[34] A. Sarkar, A. Pande, G. S. Naveen Chandra, and I. Ahmed, "Acute myocardial infarction in a young cocaine addict with normal coronaries: time to raise awareness among emergency physicians," Indian Journal of Critical Care Medicine, vol. 17, no. 1, pp. 56-58, 2013.

[35] D. M. Wood, P. I. Dargan, and R. S. Hoffman, "Management of cocaine-induced cardiac arrhythmias due to cardiac ion channel dysfunction," Clinical Toxicology, vol. 47, no. 1, pp. 14-23, 2009.

[36] D. J. Heal, J. Gosden, and S. L. Smith, "Dopamine reuptake transporter (DAT) "inverse agonism"--a novel hypothesis to explain the enigmatic pharmacology of cocaine," Neuropharmacology, vol. 87, pp. 19-40, 2014.

[37] M. W. Fischman, C. R. Schuster, L. Resnekov et al., "Cardiovascular and subjective effects of intravenous cocaine administration in humans," Archives of General Psychiatry, vol. 33, no. 8, pp. 983-989, 1976.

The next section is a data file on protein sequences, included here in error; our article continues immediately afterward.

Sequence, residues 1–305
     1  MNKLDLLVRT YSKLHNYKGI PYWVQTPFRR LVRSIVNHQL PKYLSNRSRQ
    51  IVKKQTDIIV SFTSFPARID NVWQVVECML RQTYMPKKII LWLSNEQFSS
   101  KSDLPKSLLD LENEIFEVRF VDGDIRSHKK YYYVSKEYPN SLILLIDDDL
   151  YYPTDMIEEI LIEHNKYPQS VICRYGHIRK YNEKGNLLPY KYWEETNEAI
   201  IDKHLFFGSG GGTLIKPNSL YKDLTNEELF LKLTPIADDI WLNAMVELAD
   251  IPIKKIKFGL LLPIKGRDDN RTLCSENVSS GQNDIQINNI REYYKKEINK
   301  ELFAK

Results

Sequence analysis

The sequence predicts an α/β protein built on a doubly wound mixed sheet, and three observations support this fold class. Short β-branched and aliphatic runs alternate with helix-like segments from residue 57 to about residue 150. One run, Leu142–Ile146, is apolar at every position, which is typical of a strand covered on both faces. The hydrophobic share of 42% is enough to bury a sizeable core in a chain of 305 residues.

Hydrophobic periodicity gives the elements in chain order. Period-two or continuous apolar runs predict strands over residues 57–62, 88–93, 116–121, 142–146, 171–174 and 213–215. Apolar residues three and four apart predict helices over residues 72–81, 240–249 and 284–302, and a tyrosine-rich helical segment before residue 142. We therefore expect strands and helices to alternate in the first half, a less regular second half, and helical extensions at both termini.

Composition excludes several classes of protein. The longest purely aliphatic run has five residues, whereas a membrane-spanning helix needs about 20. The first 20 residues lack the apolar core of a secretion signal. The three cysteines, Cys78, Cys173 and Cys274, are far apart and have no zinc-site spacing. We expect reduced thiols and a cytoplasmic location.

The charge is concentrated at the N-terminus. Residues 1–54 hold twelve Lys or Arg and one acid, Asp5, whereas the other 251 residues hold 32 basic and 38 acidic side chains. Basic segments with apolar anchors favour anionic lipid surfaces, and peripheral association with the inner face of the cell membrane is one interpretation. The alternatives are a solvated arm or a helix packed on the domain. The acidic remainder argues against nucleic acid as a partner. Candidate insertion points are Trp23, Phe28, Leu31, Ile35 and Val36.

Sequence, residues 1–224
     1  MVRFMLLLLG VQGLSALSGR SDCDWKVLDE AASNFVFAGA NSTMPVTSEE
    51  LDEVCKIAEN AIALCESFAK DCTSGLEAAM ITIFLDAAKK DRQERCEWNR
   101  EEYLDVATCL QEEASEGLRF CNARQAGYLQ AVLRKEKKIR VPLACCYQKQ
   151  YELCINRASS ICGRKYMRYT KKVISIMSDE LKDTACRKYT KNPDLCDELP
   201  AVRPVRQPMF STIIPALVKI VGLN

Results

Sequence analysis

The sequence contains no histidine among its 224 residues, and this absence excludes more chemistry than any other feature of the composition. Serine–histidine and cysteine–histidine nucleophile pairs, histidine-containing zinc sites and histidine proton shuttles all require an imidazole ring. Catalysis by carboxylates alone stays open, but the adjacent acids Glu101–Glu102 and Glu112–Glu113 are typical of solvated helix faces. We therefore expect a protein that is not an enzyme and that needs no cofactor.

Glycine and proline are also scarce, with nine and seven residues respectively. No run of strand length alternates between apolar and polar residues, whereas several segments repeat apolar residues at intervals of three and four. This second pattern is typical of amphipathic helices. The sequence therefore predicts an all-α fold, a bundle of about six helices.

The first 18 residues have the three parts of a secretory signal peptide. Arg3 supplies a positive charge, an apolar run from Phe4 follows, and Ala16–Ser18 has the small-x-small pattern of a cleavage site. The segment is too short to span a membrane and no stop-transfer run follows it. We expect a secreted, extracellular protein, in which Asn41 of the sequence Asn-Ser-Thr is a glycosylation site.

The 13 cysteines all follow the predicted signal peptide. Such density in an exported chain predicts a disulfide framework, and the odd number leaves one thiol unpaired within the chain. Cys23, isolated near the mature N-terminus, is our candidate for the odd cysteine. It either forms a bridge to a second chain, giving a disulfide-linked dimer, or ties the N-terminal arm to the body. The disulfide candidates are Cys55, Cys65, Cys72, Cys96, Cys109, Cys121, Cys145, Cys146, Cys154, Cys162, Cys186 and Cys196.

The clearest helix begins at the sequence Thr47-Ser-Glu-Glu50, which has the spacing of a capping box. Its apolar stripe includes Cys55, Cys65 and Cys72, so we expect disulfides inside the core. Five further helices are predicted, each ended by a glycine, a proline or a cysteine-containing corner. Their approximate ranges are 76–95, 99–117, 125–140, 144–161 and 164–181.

[38] W. Vongpatanasin, Y. Mansour, B. Chavoshan, D. Arbique, and R. G. Victor, "Cocaine stimulates the human cardiovascular system via a central mechanism of action," Circulation, vol. 100, no. 5, pp. 497-502, 1999.

[39] W. Kerns II, L. Garvey, and J. Owens, "Cocaine-induced wide complex dysrhythmia," The Journal of Emergency Medicine, vol. 15, no. 3, pp. 321-329, 1997.

[40] V. M. Costa, F. Carvalho, M. L. Bastos, R. A. Carvalho, M. Carvalho, and F. Remiao, "Contribution of catecholamine reactive intermediates and oxidative stress to the pathologic features of heart diseases," Current Medicinal Chemistry, vol. 18, no. 15, pp. 2272-2314, 2011.

[41] B. J. Borkowski, Y. Cheema, A. U. Shahbaz, S. K. Bhattacharya, and K. T. Weber, "Cation dyshomeostasis and cardiomyocyte necrosis: the Fleckenstein hypothesis revisited," European Heart Journal, vol. 32, no. 15, pp. 1846-1853, 2011.

[42] M. J. Brown, D. C. Brown, and M. B. Murphy, "Hypokalemia from beta2-receptor stimulation by circulating epinephrine," The New England Journal of Medicine, vol. 309, no. 23, pp. 1414-1419, 1983.